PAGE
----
If I could go back to high school and speak to myself as a senior I would tell myself to never lose focus. During my senior year I began put very little effort into whatever I did. I consider this to be a mistake because I personally feel like it would have given me options on the schools I could have applied to if my grades were a little bit better than they already were. Many of us don’t take high school seriously which is a big mistake that I feel most of us teenagers make. I would also tell myself to be cautious if the decisions I make on picking my college that I’m attending. I was so focused on getting away from home and moving to another state to be away from everyone back at home, that I didn’t look at all my options. We’re all given options, but it’s up to us to make the right choices.
Honestly, If I had the chance to go back to my high school senior days, I would have a serious conversation with myself explaining to myself about what the future would bring. I would explain to myself that If I would join one of the many academic clubs in my high school, it would look better on my college applications. Also, I would tell myself to just do better than what I did as a senior even though I got A's and B's, I would work harder to get all straight A's. I would have applied to different Univeristies that would accomedate to my specific major instead of me changing my major in the future. I would just tell myself in the past to just to continue to work hard and to pace myself and to do the best that I can as a high school senior and to have the utmost fun in the process.
While money and being able to support yourself and future family are surely main reasons for attending college, it is critical that you do not make these things the sole reasons for your career path. It is important that you study and eventually work in a field that you are passionate about. Once college is finished, those four years spent studying will feel miniscule compared to the thitry plus years you will spend in the workforce. If you dreaded only that little time spent learning, you surely will destate any work that relates to it. Try to find an area that you love and are willing to work in for the rest of your life. If it is lucrative --great, if not, at least you'll be able to spend your life being happy and doing what you love.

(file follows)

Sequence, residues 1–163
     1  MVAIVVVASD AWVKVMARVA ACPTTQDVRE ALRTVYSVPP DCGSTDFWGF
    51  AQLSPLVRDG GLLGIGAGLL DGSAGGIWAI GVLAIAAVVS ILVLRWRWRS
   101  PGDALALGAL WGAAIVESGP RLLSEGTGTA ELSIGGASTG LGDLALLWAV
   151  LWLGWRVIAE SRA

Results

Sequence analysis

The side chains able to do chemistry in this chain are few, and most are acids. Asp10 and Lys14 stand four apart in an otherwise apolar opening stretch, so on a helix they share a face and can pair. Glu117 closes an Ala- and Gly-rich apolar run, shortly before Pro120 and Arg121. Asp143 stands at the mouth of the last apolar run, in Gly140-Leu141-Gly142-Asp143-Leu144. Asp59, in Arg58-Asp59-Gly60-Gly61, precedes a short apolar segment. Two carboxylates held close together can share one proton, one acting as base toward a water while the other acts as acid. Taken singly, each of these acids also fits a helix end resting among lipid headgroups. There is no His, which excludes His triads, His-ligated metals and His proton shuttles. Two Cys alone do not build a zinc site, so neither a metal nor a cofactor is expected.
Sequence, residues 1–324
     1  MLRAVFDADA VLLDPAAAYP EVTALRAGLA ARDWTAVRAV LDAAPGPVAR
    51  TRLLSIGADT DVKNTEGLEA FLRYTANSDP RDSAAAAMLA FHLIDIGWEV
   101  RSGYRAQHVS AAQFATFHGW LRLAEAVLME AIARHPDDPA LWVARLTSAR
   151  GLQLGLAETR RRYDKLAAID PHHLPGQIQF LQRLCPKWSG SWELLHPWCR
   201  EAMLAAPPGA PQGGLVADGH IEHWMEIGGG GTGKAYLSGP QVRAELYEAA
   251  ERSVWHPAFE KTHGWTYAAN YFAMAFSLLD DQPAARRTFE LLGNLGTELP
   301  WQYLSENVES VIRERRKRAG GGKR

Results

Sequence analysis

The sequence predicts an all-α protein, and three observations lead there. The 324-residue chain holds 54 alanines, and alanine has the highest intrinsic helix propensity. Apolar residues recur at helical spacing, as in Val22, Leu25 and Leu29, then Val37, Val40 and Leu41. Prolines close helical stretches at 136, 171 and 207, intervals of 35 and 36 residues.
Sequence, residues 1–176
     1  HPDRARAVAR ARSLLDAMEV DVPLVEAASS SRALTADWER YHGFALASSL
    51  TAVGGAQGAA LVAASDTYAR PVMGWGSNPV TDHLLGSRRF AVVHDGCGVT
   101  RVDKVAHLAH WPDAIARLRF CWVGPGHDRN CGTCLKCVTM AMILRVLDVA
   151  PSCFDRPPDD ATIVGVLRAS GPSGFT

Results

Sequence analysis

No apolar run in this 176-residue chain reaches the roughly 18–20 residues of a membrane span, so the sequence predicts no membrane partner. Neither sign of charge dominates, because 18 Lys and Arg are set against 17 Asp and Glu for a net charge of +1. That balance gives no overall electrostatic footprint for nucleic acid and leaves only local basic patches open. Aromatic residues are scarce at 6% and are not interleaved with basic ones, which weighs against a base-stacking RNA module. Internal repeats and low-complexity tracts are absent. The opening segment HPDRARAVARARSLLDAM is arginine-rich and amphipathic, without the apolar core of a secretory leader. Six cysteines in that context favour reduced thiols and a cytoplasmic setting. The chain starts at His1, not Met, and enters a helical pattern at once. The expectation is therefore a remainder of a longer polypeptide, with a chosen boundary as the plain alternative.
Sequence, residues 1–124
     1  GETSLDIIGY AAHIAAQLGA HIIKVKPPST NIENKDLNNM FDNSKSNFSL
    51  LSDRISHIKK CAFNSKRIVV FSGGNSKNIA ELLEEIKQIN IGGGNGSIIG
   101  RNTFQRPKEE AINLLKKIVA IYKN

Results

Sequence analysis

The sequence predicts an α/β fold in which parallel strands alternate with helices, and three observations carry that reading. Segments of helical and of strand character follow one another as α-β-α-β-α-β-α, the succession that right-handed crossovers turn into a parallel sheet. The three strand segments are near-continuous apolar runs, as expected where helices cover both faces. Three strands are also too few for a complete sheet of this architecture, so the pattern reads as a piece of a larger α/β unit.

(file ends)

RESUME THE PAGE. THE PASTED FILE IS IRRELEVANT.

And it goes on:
Araina, this is your future self talking, stop goofing around in Algebra because you really do NEED it! Stay in percussion ensemble and enjoy it because you need an extracurricular activity to put on your college application. Yes, you're almost done with school but you have so many more years of it ahead of you, and you need to learn as much as you can. Drink a little coffee here and there, so that you can be less sleepy and more productive. It won't kill you! Actually read your textbooks; you'll need to develop good reading and studying skills in just a few months. And, lastly, slow down on the junk food. Not only does it do a number on your figure but it also kills what little energy you have. You can do it! I have faith in us!
I'd tell myself to persevere even though classes can be tough and a schedule packed with classes and two part time jobs can be truly stressful. All of the effort and hard work is worth it as you get closer and closer to your college degree. Also, beyond the degree, it's worth it to learn just for the sake of broadening your horizons and gaining knowledge. No class, no matter how tedious it may seem some days, is ever a waste of time. Each professor, each lesson, has something you can use to grow and improve yourself. Take advantage of every educational opportunity and be grateful for the doors that open to you. Not everyone gets to go to college, so make the most of it.
Self - as a high school senior knowing what I know today, I suggest this: 1. Focus and investigate the subject (s) that you wish to major in 2. Any weak subjects needed in your major, get remedial assistance or practice skills prior to entering school 3. Go to first student orientation, manage finances, get help from professors, counselors and students. 4. Continue to be able to cope with stress and don't "bit more then you can chew". 5. Continue to shape your future in the direction you wish to go in and no matter what you become later, and what you may accomplish, you will reflect on your college years as a time you developed your potential.